Tech startup: Sympoz Inc.
where Denver | FOUNDED April 2010 | web www.sympoz.com
INITIAL LIGHT BULB After working together at Web companies in California (eBay) and Colorado (ServiceMagic.com), John Levisay and Josh Scott launched their own Internet startup with ServiceMagic.com veterans Andrew Rogers, Todd Tobin and Bret Hanna in Sympoz, aiming to bring a classroom experience to online education.
Scott says the idea arose from personal need. “We wanted to tap into continuing education, but it was difficult to do with busy schedules,” he says. “Online, nothing was very satisfying.”
Levisay says the latter typically offers a “passive” environment that is akin to “the back of the classroom.” The key question: “How do you create that magic of a classroom online and make it asynchronous?” Sympoz answers it with what Scott describes as “time-indexed technology” that fosters instructor-student interaction.
Sympoz is now 16 employees strong – and hiring – with Levisay and Scott respectively serving as CEO and vice president of product development.
IN A NUTSHELL For each course, Sympoz produces eight to 15 20- to 30-minute high-quality, high-definition videos with experts. Students can pose questions during the lecture that get tagged “contextually at the right time in the video,” Scott says, and experts answer in the same comment field, typically within 24 hours. Users can also take time-tagged notes as they view the lecture videos and access course materials with a click of the mouse.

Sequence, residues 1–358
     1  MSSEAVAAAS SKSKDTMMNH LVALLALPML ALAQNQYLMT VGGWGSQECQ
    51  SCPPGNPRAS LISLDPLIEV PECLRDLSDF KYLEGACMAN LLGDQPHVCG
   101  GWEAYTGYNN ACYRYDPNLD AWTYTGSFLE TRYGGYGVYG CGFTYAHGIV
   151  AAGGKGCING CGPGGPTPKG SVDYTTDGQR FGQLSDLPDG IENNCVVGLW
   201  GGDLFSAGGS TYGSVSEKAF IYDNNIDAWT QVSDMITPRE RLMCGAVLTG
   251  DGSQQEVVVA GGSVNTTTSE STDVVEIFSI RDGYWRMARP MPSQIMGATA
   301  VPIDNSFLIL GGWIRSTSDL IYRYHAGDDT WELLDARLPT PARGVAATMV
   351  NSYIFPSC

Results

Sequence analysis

“We believe there are experts in every field uniquely qualified to teach a class,” Levisay says. “This is a great way for them to monetize their craft or trade.” About half of the videos are produced at the company’s in-house studio in downtown Denver, with the remainder typically being shot at the expert’s location. Experts are paid a commission for each student.
Crafting has emerged as a focal point, with Sympoz sub-brand Craftsy (www.craftsy.com) offering classes on knitting, quilting, and paper arts. Other subjects in the Sympoz curriculum include wine, personal finance, gardening and parenting. Beyond the online courses, the Sympoz website features social networking integration, e-commerce, and photo posting.
Launched in 2011, Sympoz has already attracted more than 20,000 paying customers for courses that run $29 to $59, a tally growing by more than 5,000 new users a month. The company has leveraged Facebook by creating groups tied to relevant crafts and activities; those pages have collectively garnered more than 1 million fans.
“I love it because you can stop and start, you can pause, you can go back,” says Dianne Moore, a Michigan-based fiber artist who has taken Craftsy’s quilting classes. “I do it totally at my own pace. It’s so much better than a live class.”
THE MARKET Estimates tab the U.S. continuing education market above $100 billion annually. Seattle-based Ambient Insight Research pegged the U.S. e-learning market at $18.2 billion in 2010 and forecast growth to $24.2 billion in 2015.
FINANCING The founders and Michael Dearing of Harrison Metal Capital participated in a seed round last year. “We’ll soon be putting together our first institutional round of funding,” Scott says.
QUOTE: “We came back to what we saw at eBay. People came to eBay for their passion – Beanie Babies, collectibles, comic books – then they realized they could buy and sell a car, ski equipment, photography equipment, et cetera.”
– Sympoz CEO John Levisay on plans to expand the course catalog